Indian eatery run by murder convicts praised for politeness, hygiene
As India’s capital baked under a heat wave this month, banker Gaurav Gupta sat down for lunch at a new air-conditioned restaurant, and was greeted by a smiling waiter who offered him chilled water and took his order — a traditional “thali” meal of flatbread, lentils, vegetables, rice and pickle.
Nothing unusual, except that the employee, like most of his co-workers, is a convicted murderer serving time in South Asia’s largest prison complex.
“Tihar Food Court” on Jail Road in west Delhi is part of a wide range of reform and rehabilitation initiatives undertaken at the Tihar prison. It opened in the first week of July on an “experimental basis” while waiting for formal clearances, and is located half a kilometre from the prisoners’ dormitories.
With a spacious interior lined with gleaming wooden tables and walls adorned with paintings by prisoners, the 50-seat restaurant is coming in for praise from customers, especially for being clean and for the polite behaviour of its employees, who were trained by the Delhi Institute of Hotel Management, an autonomous body under the state government.
(For more pictures of the Tihar Food Court restaurant, click here )
Restaurant manager Mohammad Asim, smartly dressed with his white shirt tucked in, said he gets around 50 customers a day. Each worker is paid 74 rupees ($1.20) per day.
The menu is vegetarian with mostly north Indian items such as samosa, dahi bhalla, paneer pakoda and rajma chawal. The deluxe thali is the priciest fare costing 150 rupees ($2.5) while samosa and kachori are the cheapest at 10 rupees (17 cents).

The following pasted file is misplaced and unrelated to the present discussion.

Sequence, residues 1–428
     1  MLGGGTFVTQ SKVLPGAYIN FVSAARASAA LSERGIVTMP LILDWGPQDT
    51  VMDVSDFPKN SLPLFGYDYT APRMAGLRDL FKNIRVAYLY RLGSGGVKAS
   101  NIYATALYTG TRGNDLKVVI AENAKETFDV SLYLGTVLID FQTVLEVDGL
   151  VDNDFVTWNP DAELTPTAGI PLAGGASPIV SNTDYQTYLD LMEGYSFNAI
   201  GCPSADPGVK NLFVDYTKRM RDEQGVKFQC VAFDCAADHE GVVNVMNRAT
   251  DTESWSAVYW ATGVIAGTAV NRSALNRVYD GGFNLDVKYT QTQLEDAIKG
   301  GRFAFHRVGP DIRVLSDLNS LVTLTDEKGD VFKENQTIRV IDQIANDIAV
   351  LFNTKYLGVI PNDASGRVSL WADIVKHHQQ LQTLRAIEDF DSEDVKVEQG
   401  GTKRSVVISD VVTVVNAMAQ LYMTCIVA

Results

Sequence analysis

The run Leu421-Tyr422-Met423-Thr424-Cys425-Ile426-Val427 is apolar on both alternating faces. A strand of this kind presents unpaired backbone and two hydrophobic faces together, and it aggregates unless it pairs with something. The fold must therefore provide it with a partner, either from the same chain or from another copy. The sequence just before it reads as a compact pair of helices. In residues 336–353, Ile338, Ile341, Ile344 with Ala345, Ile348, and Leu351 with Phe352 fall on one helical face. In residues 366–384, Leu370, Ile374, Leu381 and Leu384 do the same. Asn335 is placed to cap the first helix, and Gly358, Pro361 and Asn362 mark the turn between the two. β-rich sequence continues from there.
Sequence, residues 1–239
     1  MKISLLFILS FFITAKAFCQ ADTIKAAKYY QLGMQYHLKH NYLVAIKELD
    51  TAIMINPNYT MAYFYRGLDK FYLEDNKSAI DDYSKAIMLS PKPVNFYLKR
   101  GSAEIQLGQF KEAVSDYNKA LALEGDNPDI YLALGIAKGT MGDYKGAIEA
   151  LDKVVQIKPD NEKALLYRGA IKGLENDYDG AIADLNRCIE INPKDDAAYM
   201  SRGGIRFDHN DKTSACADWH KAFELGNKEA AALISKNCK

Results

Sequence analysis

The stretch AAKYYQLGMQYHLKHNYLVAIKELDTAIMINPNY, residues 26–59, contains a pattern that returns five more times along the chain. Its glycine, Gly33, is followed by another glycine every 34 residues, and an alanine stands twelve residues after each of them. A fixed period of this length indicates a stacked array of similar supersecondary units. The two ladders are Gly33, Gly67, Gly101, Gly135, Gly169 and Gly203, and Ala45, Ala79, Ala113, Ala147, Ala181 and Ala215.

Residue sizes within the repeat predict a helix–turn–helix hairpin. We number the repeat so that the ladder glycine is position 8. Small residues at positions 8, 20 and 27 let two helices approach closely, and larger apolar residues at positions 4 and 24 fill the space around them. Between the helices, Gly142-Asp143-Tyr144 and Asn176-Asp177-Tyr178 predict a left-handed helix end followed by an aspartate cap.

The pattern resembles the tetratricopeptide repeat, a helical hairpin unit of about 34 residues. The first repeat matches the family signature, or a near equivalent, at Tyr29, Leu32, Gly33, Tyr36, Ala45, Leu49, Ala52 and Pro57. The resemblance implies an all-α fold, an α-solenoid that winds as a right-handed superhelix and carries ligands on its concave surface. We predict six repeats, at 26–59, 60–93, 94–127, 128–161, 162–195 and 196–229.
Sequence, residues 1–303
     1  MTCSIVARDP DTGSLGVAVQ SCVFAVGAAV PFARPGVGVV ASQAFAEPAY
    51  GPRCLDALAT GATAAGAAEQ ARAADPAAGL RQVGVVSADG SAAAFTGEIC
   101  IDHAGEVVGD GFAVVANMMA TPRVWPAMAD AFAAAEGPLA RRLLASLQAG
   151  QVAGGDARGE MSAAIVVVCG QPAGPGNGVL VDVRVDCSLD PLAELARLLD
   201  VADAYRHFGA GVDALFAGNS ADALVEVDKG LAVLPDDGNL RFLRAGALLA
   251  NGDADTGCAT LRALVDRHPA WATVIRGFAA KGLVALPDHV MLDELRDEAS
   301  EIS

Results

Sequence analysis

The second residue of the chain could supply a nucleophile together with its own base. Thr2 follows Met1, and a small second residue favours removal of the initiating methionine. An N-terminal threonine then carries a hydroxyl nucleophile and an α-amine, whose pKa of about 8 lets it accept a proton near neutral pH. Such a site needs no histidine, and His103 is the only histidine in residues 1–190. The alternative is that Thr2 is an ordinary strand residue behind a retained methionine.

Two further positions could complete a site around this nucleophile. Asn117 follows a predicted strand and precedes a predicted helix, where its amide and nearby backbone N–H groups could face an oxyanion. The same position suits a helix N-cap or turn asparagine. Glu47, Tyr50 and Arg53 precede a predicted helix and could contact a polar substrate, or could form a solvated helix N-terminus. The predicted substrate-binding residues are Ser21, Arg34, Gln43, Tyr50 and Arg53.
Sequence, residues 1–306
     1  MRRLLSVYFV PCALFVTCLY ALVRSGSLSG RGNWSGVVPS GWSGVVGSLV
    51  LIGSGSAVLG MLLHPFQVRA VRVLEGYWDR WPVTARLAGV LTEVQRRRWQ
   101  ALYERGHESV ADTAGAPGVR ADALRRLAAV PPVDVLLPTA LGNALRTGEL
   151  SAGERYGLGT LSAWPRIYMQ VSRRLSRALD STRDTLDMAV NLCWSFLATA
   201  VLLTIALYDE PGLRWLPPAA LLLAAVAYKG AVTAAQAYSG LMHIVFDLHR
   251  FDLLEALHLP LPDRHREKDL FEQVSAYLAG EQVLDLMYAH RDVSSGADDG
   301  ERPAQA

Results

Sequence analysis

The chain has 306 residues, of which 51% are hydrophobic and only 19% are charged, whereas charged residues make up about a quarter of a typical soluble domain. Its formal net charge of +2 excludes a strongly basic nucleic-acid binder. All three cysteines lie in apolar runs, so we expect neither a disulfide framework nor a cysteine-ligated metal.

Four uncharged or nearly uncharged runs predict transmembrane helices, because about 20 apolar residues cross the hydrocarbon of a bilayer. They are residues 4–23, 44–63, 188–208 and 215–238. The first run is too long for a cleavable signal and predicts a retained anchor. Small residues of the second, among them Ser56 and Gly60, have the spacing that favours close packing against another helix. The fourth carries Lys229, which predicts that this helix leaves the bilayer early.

“Those who come once come back again to have our food,” said Asim, who has spent 14-1/2 years in jail for murder.
To be eligible to leave the prison gates and work in the restaurant, inmates must have undergone at least 12 years imprisonment with an “unblemished record”, considered “trustworthy”, and studied at least until high school.
Also, only those prisoners eligible for release in the next one to two years are selected so that they are not tempted to try and escape while working outside the prison.
Prisoners commute to work by cycle or on foot, as authorities “trust them enough” not to require a security escort.
Sunil Gupta, Tihar’s public relations officer (PRO), said only men are employed because state prison laws prohibit the employment of women inmates outside jail premises.
“We have sent a proposal to the [state] government for amendment in our rule for employment of women,” he said.
Remarks in the visitors’ book are mostly encouraging.
“The food was simply delicious. The service provided was also commendable. Thank you so much for arranging everything so well. We loved the interiors. 10/10 for cleanliness and humble service. For suggestion; include more variety of cuisines,” wrote Bhoomika Dabas.
The eatery, which is run under the TJ’s brand for products manufactured by prisoners, is a non-profit initiative and revenues would be used for the welfare of the prisoners and to fund vocational training programmes inside the prison complex, said Gupta, the jail PRO.
Once notorious for corruption, drug problems and prisoner abuse, the Tihar jail complex has become a model for prison reforms, offering a range of rehabilitative programmes for its 13,552 inmates, including vocational training, education, meditation and painting.
“The restaurant was set up to give employment to the inmates and to project the positivity of the prison work to the general public,” said Gupta. “Everyone wants to come out of jail. That is the biggest advantage for the work here.”
Customers don’t seem to have any qualms about the background of the employees.
“I think that they (Tihar authorities) have observed them for years and have decided that they can be placed in front of the public … so I don’t think there is a need to be worried,” said first-time customer Atul Singh, who works with Samsung India.
But the 49-year-old says he enjoys working at the restaurant so much that he plans to switch careers once he is a free man.
“I could be freed after one year. My aim is to set up a branch of the Tihar restaurant,” said Grover.